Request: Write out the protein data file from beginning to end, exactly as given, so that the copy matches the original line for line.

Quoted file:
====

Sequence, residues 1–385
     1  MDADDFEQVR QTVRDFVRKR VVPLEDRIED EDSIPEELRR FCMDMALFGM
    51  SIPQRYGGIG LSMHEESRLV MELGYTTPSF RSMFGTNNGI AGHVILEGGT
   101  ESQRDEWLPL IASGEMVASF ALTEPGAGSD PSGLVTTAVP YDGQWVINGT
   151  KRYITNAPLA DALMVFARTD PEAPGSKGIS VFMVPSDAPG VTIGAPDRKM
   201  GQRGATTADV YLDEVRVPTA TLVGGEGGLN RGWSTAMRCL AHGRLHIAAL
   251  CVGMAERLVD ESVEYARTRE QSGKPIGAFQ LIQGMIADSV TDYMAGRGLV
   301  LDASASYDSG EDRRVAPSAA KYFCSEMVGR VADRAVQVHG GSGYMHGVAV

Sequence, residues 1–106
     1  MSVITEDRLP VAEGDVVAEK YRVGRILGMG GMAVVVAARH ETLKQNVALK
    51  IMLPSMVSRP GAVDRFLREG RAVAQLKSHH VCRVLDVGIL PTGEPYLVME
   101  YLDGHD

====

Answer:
Sequence, residues 1–385
     1  MDADDFEQVR QTVRDFVRKR VVPLEDRIED EDSIPEELRR FCMDMALFGM
    51  SIPQRYGGIG LSMHEESRLV MELGYTTPSF RSMFGTNNGI AGHVILEGGT
   101  ESQRDEWLPL IASGEMVASF ALTEPGAGSD PSGLVTTAVP YDGQWVINGT
   151  KRYITNAPLA DALMVFARTD PEAPGSKGIS VFMVPSDAPG VTIGAPDRKM
   201  GQRGATTADV YLDEVRVPTA TLVGGEGGLN RGWSTAMRCL AHGRLHIAAL
   251  CVGMAERLVD ESVEYARTRE QSGKPIGAFQ LIQGMIADSV TDYMAGRGLV
   301  LDASASYDSG EDRRVAPSAA KYFCSEMVGR VADRAVQVHG GSGYMHGVAV

Sequence, residues 1–106
     1  MSVITEDRLP VAEGDVVAEK YRVGRILGMG GMAVVVAARH ETLKQNVALK
    51  IMLPSMVSRP GAVDRFLREG RAVAQLKSHH VCRVLDVGIL PTGEPYLVME
   101  YLDGHD